Lack of independent review

Aziz and Omoteso (2014) described that in the light of theory of inspired confidence, auditor function involves independent examination. The auditors in a situation where audit firm is responsible for advice to client for financial and related systems have raised concerns. The auditor may be reluctant to probable into operations and in the case of malpractices, auditor may not report finding to wider stakeholders. There is possible conflict of interest arising from NAS including corporate finance, taxation and personal selection.

For example, Ernst & Young (EY) NAS service for UK trucking company (ERF) has impaired the quality of the audit. The company accountant falsifies VAT return on a number of accounts for excise customer repayment. The lack of integrity of financial statements compromises the interest of shareholder and investor (Botes, Low and Taylor-Dayus, 2013).

Management relationship with auditor

According to Agency theory agent is accountable to principle. The auditor independence is threatening from the provision of NAS and relationship between auditor and management affect the audit approach. In the UK, auditors have been viewed as a quasi-judicial monitor of financial reporting. The auditor is economically dependent on its client for the fee from audit and NAS with raise possible conflict of trust.

For example, as in the case of Enron, the setting up of tax avoidance scheme through special entities consider as acceptable accounting practice. There is a likely situation where the interest of external stakeholders to whom auditor reports (shareholders) is likely to compromise because of personified relationship with client management (Quick, Sattler and Wiemann, 2013).

Regulation to reduce threats from NSA to audit clients

Auditor independence – professional and legal perspective

Liddy (2014) elaborated that auditor independence means a character function with attributes of trustworthiness and integrity as well as ability to resist against client pressure. Auditor independence risk likely risking the issue auditor objectivity through presenting compromise information to external stakeholders. In the US, Sarbanes-Oxley Regulation enclosed details on NSA provision whereas regulations are different in the UK. In the context of public choice theory, in the UK, ICAEW proposed regulations and EC recommendations as well as security and exchange commission (SEC) provide framework for auditor independence.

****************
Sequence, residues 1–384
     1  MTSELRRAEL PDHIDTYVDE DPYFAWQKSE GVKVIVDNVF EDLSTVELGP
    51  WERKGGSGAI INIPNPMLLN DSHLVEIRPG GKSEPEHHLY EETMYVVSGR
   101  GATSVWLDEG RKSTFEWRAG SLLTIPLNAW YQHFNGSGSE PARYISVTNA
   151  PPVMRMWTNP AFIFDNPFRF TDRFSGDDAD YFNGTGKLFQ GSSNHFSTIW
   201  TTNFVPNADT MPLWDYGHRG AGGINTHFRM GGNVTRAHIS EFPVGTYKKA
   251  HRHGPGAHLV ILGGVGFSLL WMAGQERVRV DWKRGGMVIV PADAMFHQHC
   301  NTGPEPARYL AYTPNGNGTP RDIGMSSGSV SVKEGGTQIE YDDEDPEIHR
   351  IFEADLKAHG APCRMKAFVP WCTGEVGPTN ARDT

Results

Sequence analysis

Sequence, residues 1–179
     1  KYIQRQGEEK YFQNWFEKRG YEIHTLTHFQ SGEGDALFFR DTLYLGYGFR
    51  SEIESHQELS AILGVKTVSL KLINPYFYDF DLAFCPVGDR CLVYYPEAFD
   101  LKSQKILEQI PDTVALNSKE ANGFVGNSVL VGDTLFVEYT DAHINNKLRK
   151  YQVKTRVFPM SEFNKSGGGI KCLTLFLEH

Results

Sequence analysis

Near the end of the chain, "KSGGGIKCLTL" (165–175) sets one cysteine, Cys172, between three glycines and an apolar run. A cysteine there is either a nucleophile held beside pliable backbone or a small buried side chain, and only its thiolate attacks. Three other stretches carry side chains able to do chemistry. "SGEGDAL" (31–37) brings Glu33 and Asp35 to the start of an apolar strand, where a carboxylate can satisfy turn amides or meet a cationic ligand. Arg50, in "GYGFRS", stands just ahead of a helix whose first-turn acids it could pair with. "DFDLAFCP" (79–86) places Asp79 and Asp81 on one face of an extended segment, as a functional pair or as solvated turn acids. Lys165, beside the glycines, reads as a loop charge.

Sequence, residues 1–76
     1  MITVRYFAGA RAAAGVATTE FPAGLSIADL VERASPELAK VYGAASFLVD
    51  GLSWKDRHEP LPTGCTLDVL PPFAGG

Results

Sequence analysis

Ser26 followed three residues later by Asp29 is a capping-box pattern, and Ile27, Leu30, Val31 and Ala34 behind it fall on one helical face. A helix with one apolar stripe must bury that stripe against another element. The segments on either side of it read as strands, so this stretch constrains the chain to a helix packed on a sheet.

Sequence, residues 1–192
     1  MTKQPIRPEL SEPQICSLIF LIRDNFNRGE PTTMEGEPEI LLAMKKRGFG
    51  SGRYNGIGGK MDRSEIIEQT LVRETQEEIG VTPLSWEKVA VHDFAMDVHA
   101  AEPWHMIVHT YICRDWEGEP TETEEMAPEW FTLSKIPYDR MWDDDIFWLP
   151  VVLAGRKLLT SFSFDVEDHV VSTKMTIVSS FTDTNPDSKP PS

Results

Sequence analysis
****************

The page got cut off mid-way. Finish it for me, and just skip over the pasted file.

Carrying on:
ICAEW guidelines and independence of mind highlights that integrity implies truthfulness and fair dealing and independence in appearance represent taking public interest and perception into consideration for ‘Public Interest Entities (PIE)’ (Kleinman, Lin and Palmon, 2014).

From empirical literature, Arrunada presented complete analysis on economic of audit and examined mechanism to safeguard quality of audit. The study examines consequences of NAS provision and impact on quality, cost, independence and reputation (Arrunada, 2013). Moreover, Campa and Donnelly (2016) highlighted that the current regulatory environment in the UK is based on two pronged. Companies in the UK required disclosing NAS fee paid in the annual reports

The inclusion of independent framework to which auditor registered in the UK must adhere in order to provide NAS services. Moreover European commission recommendation on auditor independence further divided the NSA discourse into tax advisory, assurance and other (composition provided).

Ethical reasoning and independence